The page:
My friends look at me as though I've been off on vacation too long when I tell them of my delight in watching a movie called Killer Condom. But this silly yet fascinating comic horror/detective story has a lot more on the ball than sheer latex. All in all, this summer has not been a terribly carefree time for male private parts, what with There's Something About Mary and now this. If the words, "Troma Entertainment" mean anything to you, then you already have a good idea of Killer Condom's pedigree. If not, then just picture Troma as the company whose roster of releases is typified by such titles as Chopper Chicks in Zombietown, Tromeo and Juliet, and Teenage Catgirls in Heat (an Austin-made film, by the way). Killer Condom is a goofy blend of detective noir by way of German Expressionism, gay identity drama by way of soft-core titillation, and horror genre by way of low-budget comedy effects. It seems the film's carnivorous condoms are striking hapless victims in the Hotel Quickie when gay detective Luigi Mackeroni (Samel) happens onto the case. Other players include the comely young rent boy Mackeroni is hot for, the transvestite ex-cop Bob/Babette with whom Mackeroni once had a fling, and Mackeroni's straight partner Sam, to whom he delivers an impassioned, no-compromises defense of his gay lifestyle in a dramatically staged crosswalk setting. The killer condoms look more like diaphragms with teeth. A pathologist categorizes them as being a combination of worm, jellyfish, and piranha. At first, they scurry along squeakily cute but suddenly they turn into penis-chomping predators. The film is based on Ralf König's popular German comic book, and the set design is by the famed artist of the fantastic H.R. Giger (Alien, Aliens). Added to this weirdness is that the entire story is set in New York City but everyone speaks German. It's N.Y.P.D. Kraut with subtitles, or Police Squad! with stunning set design. Humor is everywhere -- from the droll one-liners ("If we don't do something, we'll have more pricks on our hands") -- to the hospital ward full of dozens of dickless men and one female tourist whose nose was bitten off by a rub-out rubber. The story's deus ex machina, unfortunately, relies on uncomfortably misogynistic clichés. But there is great contemporary resonance in the plot turn of a presidential candidate, Dick McGovern, whose manhood becomes another victim of this penile predator. Smart, funny, and stylish, Killer Condom pulls back whenever it finds itself teetering on the brink of artfulness and shows us one of those fanged rubbers skittering across the floor. Hell, if you can't join 'em, shoot 'em.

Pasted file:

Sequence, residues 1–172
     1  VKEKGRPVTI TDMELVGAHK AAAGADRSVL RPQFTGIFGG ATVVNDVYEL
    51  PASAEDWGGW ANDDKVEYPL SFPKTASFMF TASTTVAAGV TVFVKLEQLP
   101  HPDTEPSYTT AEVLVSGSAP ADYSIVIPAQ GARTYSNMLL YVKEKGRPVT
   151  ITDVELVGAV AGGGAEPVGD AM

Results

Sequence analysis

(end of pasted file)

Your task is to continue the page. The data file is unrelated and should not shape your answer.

3.0 stars

Marjorie Baumgarten